A Revolution of Feeling: The Decade that Forged the Modern Mind by Rachel Hewitt - review by Nicholas Roe

Nicholas Roe

The Birth of Romance

A Revolution of Feeling: The Decade that Forged the Modern Mind

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Rachel Hewitt’s first book, Map of a Nation, showed how the institution that created our Ordnance Survey Landranger maps also shaped the United Kingdom. Her new book is similarly ambitious, setting out to chart how the revolutionary 1790s transformed the Western world by inventing some aspects of the modern mind. According to Hewitt, the decade of the French Revolution saw a revolution of feeling, and of feeling about feeling, as 18th-century conceptions of the passions faded and disappointed hopes gradually revealed a modern emotional landscape.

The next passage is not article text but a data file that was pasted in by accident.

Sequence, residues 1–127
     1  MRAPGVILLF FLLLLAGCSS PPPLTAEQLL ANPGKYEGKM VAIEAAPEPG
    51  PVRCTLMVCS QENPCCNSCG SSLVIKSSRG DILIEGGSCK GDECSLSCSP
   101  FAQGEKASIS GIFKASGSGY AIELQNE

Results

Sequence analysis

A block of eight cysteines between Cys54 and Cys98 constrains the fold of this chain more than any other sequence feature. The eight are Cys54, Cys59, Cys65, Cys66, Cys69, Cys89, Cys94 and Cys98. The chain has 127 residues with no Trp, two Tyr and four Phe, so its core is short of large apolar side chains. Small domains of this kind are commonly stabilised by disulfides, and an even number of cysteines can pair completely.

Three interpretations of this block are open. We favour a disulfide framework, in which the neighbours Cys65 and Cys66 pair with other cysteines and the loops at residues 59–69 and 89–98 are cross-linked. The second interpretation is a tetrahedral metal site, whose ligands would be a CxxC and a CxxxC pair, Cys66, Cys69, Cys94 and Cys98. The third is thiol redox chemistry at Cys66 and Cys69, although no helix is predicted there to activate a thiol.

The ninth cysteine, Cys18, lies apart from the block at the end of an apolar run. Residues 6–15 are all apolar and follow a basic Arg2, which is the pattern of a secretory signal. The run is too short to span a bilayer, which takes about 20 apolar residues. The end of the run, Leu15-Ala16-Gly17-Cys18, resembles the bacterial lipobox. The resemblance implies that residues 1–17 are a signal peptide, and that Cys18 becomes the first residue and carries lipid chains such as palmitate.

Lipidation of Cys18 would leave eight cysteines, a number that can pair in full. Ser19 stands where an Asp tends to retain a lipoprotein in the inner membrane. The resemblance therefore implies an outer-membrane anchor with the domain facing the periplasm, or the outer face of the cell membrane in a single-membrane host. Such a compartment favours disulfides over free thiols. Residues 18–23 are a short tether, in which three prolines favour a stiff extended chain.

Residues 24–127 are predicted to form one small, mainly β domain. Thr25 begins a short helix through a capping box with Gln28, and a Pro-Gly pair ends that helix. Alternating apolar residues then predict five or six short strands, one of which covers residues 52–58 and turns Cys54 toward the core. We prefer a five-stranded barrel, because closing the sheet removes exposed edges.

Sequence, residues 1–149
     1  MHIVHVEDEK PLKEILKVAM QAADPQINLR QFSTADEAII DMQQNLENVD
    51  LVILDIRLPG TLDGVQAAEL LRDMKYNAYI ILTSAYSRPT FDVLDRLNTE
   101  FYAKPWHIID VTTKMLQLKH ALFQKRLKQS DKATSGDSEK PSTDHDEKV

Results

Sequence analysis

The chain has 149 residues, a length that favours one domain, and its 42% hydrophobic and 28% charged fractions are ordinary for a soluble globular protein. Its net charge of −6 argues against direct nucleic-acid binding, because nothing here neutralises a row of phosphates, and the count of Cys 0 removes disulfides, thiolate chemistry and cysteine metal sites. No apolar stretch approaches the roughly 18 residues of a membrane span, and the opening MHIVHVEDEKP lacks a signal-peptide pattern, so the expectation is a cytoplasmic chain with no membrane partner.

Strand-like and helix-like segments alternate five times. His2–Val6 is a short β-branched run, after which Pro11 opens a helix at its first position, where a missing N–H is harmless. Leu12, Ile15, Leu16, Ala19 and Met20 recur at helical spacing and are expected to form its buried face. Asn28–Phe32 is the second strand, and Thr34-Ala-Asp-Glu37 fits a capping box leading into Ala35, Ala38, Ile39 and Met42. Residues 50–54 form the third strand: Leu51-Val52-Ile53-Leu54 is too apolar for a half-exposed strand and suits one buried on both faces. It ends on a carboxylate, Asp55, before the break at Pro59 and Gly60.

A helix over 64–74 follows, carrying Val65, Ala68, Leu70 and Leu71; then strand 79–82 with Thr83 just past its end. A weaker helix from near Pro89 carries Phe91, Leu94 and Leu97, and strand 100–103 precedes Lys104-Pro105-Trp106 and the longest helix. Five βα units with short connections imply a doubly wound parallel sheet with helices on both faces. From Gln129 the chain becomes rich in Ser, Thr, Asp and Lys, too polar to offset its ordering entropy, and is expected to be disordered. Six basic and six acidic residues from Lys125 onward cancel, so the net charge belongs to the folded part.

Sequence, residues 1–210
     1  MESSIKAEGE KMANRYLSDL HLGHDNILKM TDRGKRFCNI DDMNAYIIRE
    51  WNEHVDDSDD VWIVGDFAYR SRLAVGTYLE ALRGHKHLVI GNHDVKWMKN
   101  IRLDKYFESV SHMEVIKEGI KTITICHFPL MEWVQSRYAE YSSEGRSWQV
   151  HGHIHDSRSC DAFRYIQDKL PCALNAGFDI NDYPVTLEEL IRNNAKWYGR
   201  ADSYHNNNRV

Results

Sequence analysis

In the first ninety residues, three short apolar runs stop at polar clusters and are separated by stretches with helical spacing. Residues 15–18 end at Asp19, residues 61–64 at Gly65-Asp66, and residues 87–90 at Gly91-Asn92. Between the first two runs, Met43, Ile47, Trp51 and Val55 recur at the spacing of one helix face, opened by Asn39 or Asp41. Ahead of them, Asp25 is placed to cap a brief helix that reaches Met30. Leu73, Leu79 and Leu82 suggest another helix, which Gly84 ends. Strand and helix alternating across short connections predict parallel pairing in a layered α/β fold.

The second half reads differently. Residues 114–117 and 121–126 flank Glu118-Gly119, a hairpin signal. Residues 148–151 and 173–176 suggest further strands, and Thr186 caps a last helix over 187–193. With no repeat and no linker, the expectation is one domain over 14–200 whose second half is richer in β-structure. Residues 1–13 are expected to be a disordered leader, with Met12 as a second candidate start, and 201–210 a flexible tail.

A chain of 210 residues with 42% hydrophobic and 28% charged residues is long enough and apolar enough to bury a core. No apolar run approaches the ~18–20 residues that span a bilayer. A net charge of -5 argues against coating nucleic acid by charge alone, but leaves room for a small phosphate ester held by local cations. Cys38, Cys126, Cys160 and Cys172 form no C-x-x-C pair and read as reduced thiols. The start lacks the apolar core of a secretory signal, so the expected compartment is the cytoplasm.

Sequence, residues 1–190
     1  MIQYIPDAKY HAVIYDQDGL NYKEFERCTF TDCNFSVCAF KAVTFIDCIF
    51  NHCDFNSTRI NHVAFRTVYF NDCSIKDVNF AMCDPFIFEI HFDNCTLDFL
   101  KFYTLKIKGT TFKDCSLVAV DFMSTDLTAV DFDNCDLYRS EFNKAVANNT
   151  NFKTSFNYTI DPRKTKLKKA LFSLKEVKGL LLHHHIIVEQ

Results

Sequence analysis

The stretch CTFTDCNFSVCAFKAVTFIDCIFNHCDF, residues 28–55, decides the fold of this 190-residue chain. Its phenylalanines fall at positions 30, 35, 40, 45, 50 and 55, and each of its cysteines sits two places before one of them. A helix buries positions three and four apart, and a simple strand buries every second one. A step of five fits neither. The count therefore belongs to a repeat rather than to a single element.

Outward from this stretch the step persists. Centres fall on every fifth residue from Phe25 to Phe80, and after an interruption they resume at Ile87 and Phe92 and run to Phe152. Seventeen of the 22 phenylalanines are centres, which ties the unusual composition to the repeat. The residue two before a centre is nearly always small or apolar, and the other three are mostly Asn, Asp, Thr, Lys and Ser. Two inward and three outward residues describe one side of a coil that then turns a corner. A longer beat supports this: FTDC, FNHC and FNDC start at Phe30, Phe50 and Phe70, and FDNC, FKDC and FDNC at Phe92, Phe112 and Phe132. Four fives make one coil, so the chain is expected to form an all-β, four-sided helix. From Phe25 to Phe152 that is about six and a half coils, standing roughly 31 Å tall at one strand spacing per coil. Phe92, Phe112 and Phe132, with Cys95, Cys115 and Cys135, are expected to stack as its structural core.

Anyone who has read Blake or Wordsworth knows that a generation of British radicals and intellectuals blazed with enthusiasm for the French Revolution. ‘Hey for the … Millennium! And peace and eternal beatitude be unto the soul of Thomas Paine!’ declared the journalist Thomas Holcroft. Hewitt finds something

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